On the Books
On the Books Part Four: Small presses in San Antonio push on, despite economic hardships
Published: June 8, 2011
Aztlan Libre Press, an independent San Antonio press run by Anisa Onofre and Juan Tejeda, is “dedicated to the promotion, publication, and free expression of Xican@ literature and art.” Although new to the publishing game, they have produced two books, their first being the legendary poet/activist Alurista’s tenth collection Tunaluna. And they have five books in the works. “We put up all the money for our publications and do all of the editing and design work, minus some of the cover art. This is a passion for us and we expect to be around for a long time,” Tejeda told the Current.
For Tejeda, who believes that “there needs to be more integrations and co-mingling between the academic and spoken-word scene,” San Antonio is a Chicano city, and poetry a mirror that should reflect this. “There are a lot of good writers here in San Antonio that aren’t being heard and can’t get published,” he said. “We need more small presses. I wish Aztlan Libre Press had more money and time to be able to publish everyone out there that deserves to be published. We’ve received so many manuscripts and requests. It just goes to show that there is a great need.”
Outside of what Tejeda views as a lack of open minds, sustainable distribution, and “a literate, literary, and book-buying public,” he counts the absence of availability of certain works as a real problem, as well. “We need to have access to books and the schools aren’t doing a very good job of it. For that matter, neither are the local bookstores,” he says, noting what he perceives as a lack of Latino writers being showcased. “We’re in a time where fierce self-promotion is key for writers. In most cases, as an author you need to hustle to get your work out there.”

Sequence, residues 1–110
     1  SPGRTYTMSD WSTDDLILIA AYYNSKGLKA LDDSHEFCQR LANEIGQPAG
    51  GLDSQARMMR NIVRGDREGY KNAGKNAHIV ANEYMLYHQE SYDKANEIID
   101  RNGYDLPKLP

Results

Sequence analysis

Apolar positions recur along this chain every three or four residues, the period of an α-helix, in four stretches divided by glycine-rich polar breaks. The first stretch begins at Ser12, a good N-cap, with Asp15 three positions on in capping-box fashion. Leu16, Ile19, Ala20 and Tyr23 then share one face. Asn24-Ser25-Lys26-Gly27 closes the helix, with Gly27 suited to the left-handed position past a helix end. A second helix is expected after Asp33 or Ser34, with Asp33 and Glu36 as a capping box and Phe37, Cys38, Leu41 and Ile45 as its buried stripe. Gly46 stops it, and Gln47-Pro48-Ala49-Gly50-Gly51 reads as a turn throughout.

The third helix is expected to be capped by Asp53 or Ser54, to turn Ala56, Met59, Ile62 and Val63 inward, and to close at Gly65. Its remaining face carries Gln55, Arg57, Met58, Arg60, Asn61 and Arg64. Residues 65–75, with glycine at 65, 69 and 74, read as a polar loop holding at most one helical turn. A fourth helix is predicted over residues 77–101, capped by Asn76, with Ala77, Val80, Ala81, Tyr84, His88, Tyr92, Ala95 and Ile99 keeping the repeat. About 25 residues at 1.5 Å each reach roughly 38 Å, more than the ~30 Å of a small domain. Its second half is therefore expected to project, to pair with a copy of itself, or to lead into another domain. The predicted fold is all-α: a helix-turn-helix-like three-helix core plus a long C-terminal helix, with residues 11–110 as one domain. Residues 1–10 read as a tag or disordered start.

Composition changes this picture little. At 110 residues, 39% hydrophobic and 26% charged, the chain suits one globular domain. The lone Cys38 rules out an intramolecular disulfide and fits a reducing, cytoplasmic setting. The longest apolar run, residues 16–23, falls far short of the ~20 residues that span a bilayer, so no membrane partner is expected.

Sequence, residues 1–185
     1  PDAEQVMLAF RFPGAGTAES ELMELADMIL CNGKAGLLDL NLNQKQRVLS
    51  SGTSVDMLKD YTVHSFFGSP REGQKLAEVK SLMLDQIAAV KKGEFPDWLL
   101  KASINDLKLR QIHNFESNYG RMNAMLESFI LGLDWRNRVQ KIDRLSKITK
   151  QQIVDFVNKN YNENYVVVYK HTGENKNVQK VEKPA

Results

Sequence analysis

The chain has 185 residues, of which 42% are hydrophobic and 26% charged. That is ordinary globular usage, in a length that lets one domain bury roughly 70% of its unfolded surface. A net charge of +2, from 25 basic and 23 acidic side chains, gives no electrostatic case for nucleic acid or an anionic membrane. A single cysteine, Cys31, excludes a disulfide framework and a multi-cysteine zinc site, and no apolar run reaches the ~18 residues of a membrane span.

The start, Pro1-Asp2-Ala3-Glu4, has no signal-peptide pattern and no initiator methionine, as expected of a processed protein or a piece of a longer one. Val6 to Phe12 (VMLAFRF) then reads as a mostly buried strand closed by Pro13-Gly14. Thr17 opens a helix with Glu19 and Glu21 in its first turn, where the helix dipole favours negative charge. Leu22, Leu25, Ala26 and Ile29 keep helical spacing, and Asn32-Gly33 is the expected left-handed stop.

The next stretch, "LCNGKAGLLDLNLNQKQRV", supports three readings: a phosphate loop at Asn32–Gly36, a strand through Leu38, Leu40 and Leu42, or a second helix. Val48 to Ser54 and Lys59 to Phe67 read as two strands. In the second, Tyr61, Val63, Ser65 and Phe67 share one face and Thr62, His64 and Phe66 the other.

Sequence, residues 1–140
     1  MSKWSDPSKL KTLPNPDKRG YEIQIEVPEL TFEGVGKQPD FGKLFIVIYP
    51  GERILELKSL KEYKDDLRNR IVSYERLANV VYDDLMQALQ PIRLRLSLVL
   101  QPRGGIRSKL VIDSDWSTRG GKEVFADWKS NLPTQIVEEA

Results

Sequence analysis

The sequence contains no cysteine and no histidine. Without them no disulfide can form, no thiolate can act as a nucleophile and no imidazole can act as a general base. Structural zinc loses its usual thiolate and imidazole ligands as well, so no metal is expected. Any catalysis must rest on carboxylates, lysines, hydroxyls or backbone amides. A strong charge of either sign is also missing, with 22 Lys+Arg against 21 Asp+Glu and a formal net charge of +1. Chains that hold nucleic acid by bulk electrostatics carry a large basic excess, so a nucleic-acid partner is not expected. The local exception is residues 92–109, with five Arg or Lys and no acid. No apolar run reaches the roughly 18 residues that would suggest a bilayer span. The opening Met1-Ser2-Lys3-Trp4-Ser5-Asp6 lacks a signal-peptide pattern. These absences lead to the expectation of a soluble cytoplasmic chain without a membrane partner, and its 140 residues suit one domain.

And again there is that problem of cash.
“If you don’t have a job or money to feed your family and provide the basics, then you’re not going to have money to buy books,” Tejeda said.
Joshua “Lakey” Hinson doesn’t have a lot of cash, or a lot of time to promote himself. He is a 24-year-old slam poet who engages in a kind of spoken-word street artistry that every SA publisher the Current talked to welcomed with enthusiasm. (Tejeda, for instance, called spoken word “poetry for the people that goes back to the oral and corrido traditions.”) Without a publisher, Hinson puts together his own work at FedEx and tries to pay the bills through his art. Though by his own estimation he lives a “very minimal existence,” Hinson is happy to be surviving through his poetry. Sounding like a bit of literatonto himself, he muses with fatalist abandon about his calling. “Unless you’re cool with poverty, it isn’t a profession to expect to make a living off of in San Antonio.” •
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